Miriam O’Callaghan will stand in for Ryan Tubridy on tonight’s Late Late Show but this isn’t the first time Ireland’s biggest TV Show has gone without its regular host...

Tonight for only the second time in his ten-year tenure as host, Ryan Tubridy will not present the Late Late Show.

The broadcaster was also forced to step down from his RTÉ Radio One show during the week due to a persistent cough and his adherence to the self-isolation measures brought about by the Covid-19 pandemic.

Tonight's show will be hosted by the more than capable Miriam O’Callaghan, a broadcasting veteran who has been on TV more often than that cat on the roof in the opening credits of Coronation Street. 

However, this isn’t the first time in its near 60-year history that the world’s longest-running chat show has been presented by an alternative host when the main man has had to step down for the night.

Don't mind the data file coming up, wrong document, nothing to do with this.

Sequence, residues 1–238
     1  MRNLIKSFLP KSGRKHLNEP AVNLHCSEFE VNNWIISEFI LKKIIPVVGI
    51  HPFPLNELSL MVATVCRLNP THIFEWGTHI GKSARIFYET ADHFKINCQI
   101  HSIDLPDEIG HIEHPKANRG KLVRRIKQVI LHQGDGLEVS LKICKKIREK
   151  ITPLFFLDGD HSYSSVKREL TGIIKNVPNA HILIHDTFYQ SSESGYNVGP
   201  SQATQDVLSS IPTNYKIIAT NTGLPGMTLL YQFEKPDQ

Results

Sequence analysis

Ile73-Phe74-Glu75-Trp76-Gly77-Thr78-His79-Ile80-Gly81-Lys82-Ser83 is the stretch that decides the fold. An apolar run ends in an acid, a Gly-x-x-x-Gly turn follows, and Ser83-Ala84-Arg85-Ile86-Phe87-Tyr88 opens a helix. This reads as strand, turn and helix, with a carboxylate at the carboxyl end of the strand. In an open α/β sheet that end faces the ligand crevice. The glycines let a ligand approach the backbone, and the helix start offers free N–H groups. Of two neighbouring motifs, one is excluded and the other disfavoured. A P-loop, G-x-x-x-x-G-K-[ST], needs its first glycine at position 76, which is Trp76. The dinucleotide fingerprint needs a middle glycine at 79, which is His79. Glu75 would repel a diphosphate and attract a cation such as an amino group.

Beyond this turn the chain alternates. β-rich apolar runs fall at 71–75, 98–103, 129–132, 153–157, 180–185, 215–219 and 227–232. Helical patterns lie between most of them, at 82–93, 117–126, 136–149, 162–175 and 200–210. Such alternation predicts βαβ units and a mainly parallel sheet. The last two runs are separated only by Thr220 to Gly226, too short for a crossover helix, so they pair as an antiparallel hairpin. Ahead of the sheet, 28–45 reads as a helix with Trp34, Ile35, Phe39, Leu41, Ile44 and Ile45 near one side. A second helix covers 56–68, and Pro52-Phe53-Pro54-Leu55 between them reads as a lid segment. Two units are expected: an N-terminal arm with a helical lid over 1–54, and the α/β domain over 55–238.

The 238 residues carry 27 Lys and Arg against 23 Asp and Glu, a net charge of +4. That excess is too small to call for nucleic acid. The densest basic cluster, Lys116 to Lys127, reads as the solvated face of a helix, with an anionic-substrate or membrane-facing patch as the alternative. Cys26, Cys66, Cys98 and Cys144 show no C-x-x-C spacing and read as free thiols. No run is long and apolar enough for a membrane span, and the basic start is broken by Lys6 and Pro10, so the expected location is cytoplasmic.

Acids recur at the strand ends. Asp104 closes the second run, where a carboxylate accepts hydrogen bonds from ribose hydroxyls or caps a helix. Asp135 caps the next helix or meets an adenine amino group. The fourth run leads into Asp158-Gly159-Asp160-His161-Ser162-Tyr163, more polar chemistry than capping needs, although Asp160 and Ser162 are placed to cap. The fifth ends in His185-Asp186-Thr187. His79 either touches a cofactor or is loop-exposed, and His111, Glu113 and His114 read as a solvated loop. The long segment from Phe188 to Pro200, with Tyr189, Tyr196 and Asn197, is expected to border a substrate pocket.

From Gerry Ryan’s bravado performance in 2001 when Pat Kenny had to bow out due to his mother’s death to Frank Hall’s brief tenure in the hot seat, there have been a few moments when, for night only, the Late Late took on a whole new face.

Pat Kenny, February 2013

Not long before he announced his departure from RTÉ in July, 2013, Pat Kenny, who hosted the show from 1999 to 2009, was drafted back in to stand in for Ryan Tubridy following the death of his father, Dr. Pat Tubridy. 

Gerry Ryan, October 2008

When the late Gerry Ryan strode onto the shiny black floor of the Late Late studio on the night of October 24, 2008, he looked like he was to the manner born. Regular host Pat Kenny had to bow out due to the death of his mother and Gerry, then 52 years old, was the perfect man to take up the reins.

He’d never made a secret of his ambition to host the biggest TV gig in the country and boy was he good.

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That night’s line-up certainly helped. Gerry got to sit down with Tony Curtis (in a fetching white cowboy hat), a then still, shall we say, "unpredictable" Tommy Tiernan, Roseanne Barr, Richard Madeley, Leon Jackson and Daniel and Majella O’Donnell (proof at least that some things never change on the Late Late).